We’ve all had the dream of finding our favorite car stored in some old barn or garage; just waiting for us to come to save it. There’s a small group of people given such a chance, and then there’s is the rest. Somewhere between those two groups are a certain few. These “certain few” discover a car, and although it may not be their favorite – it used to belong to someone who favored that very machine over all others. These people are the luckiest. Inheritance teaches virtue and dedication to those who no longer have the ability to enjoy life. Bruce and Linda are the owners of a 1968 Ford Mustang with a story from a family war veteran that makes them some of these “certain few”.
Imagine being this 22-year-old handsome chap in 1968… and you want nothing more than to get your hands on the steering wheel of an all-new Ford Mustang Sprinter Pack. A real dream right? Well, for Ronnie Sipka it wasn’t a dream. It was real. On May 3rd of 1968, Ronnie walked into the Allegra Ford Dealer and bought his very own Mustang for just $2,915! The car was outfitted with all of the look-alike Shelby gear. All of those exquisite design features like GT foglamps and the pop-open gas cap.
When Ronnie bought the car, he had a 4 barrel 500cfm carb installed to beef up the car. That was it for Ronnie: he purchased a limited-option Mustang with 3 miles, now all he needed to find was the open roads to drive on with his fiance.
Not long after the car was bought, Ronnie faced an even greater phase of his life. He had been drafted for Vietnam. There was a lot of tension at this time during the war, as many Americans were being sent over and not coming back. This was the war that many Americans at the time called “the war we do not need to fight”. Regardless of the family’s feelings, he had to ship off and fight.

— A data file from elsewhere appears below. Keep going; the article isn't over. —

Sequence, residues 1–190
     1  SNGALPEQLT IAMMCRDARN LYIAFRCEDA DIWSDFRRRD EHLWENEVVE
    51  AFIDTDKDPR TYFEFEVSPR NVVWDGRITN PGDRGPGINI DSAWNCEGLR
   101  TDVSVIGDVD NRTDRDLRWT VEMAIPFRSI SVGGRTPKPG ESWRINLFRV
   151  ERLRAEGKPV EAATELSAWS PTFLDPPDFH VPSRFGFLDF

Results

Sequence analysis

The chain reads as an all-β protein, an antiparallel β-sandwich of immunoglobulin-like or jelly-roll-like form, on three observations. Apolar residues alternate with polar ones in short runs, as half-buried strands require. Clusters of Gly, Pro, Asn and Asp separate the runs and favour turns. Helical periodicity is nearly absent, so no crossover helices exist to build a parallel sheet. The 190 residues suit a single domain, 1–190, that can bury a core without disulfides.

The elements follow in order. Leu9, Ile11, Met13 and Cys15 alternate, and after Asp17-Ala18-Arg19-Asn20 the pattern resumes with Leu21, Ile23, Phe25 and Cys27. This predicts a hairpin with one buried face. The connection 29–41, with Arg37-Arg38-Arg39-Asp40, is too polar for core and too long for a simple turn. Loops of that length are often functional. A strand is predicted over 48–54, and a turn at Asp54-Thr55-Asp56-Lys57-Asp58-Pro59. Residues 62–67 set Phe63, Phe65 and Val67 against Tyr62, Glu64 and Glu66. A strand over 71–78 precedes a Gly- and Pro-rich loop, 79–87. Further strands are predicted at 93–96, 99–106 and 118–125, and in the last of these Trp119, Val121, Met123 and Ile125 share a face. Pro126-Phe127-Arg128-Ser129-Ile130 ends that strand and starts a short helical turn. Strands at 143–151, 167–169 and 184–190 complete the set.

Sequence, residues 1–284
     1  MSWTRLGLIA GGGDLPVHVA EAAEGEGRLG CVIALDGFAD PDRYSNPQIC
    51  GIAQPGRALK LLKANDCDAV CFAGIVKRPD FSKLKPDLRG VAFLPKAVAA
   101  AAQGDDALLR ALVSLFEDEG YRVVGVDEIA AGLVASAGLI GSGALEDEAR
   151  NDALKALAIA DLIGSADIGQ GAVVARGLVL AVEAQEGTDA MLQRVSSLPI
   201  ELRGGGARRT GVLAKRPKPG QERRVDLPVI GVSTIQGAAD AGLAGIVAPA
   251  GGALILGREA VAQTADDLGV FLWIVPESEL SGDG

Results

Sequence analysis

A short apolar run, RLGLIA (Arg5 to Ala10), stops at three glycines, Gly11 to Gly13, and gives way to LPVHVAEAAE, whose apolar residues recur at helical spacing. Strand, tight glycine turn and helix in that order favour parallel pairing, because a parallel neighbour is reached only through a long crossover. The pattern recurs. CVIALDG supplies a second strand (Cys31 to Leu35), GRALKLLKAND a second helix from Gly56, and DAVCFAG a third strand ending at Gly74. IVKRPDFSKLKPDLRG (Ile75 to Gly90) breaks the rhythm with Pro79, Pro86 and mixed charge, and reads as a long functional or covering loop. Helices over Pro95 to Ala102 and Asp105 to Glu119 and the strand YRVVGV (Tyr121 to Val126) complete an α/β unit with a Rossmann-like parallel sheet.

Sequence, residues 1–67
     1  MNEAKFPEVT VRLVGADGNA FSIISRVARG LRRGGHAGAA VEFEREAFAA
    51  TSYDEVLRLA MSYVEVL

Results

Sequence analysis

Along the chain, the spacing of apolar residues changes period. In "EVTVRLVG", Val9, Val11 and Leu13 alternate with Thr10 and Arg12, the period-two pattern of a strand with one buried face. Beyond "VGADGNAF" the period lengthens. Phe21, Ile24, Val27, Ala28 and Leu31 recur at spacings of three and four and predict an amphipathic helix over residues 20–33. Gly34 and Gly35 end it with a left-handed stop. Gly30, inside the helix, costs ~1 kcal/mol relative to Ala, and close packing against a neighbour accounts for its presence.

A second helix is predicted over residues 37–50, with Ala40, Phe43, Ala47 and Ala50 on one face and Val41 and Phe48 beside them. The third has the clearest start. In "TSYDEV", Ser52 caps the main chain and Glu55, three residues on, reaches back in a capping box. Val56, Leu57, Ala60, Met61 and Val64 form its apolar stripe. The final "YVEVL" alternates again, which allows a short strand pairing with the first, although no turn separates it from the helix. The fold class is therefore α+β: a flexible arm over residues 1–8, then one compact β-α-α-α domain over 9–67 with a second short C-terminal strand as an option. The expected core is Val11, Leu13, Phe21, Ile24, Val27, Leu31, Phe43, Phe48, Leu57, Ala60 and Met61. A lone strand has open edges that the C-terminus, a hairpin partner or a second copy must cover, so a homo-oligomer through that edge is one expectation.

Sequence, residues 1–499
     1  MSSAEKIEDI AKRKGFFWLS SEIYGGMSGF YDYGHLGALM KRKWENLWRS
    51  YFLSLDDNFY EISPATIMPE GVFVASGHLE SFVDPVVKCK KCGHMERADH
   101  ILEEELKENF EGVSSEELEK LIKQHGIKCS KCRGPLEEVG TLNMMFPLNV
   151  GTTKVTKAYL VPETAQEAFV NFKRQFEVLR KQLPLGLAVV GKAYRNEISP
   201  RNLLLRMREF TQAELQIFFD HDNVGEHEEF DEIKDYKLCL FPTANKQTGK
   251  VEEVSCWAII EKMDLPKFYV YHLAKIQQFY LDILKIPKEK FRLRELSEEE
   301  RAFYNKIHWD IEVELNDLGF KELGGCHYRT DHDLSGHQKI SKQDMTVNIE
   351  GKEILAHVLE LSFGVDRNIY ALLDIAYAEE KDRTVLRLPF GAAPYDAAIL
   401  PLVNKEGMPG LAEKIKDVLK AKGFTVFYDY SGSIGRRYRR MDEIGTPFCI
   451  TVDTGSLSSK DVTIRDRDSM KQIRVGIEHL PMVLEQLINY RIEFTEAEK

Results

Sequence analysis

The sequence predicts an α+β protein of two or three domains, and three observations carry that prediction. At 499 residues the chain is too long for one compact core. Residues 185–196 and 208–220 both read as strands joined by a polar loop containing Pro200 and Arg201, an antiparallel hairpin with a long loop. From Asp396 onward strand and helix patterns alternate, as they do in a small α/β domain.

Ronnie spent time at three forts, receiving infantry and officer training before being shipped overseas. Despite training and his company’s best efforts, things turned south quickly in the foreign land. Unfortunately, Ronnie ended up only spending 38 days in Vietnam, fighting in Da Nang against the Vietcong, where he drew his last breath fighting for the heart of his own country and for his brothers in the Army.
Back home, the family was devastated but needed to move on. Ronnie’s father inherited his Mustang and drove it in honor of his son until he passed just a few years later. Upon his father’s death, Ronnie’s mother would become the driver who put a lot of miles on the Mustang. In the 15 years she owned the car, she collected 57,400 city miles on the odometer. Eventually, Ronnie’s mother passed as well, leaving the Mustang in the hands of Ronnie’s brother Emil.
From 1990 on, the car sat in a garage in Chicago, being regularly checked in on and driven occasionally. It wasn’t until 2015 when Ronnie’s sister Linda received the vehicle that the car was maintained and driven regularly again. Linda and her husband Bruce are the current owners of the car, and they have an indebted duty they want to fulfill. “In honor of Ronnie, we are taking on the task of keeping the car just the way Ronnie and my family left it,” says Linda.
The couple has yet to visit many shows, however, they cruise the car through the downtown area of Naperville all the time. “The car turns a crazy amount of heads,” says Bruce “And to this day we still get a ton of offers on the car, even though we’re far from selling it.”
While Bruce and Linda are fans of the previous car era; when cars like the Impala and Thunderbird were full-size cruisers. They still consider the Mustang as important as their dream cars because of its meaning in the family, and that’s what matters most.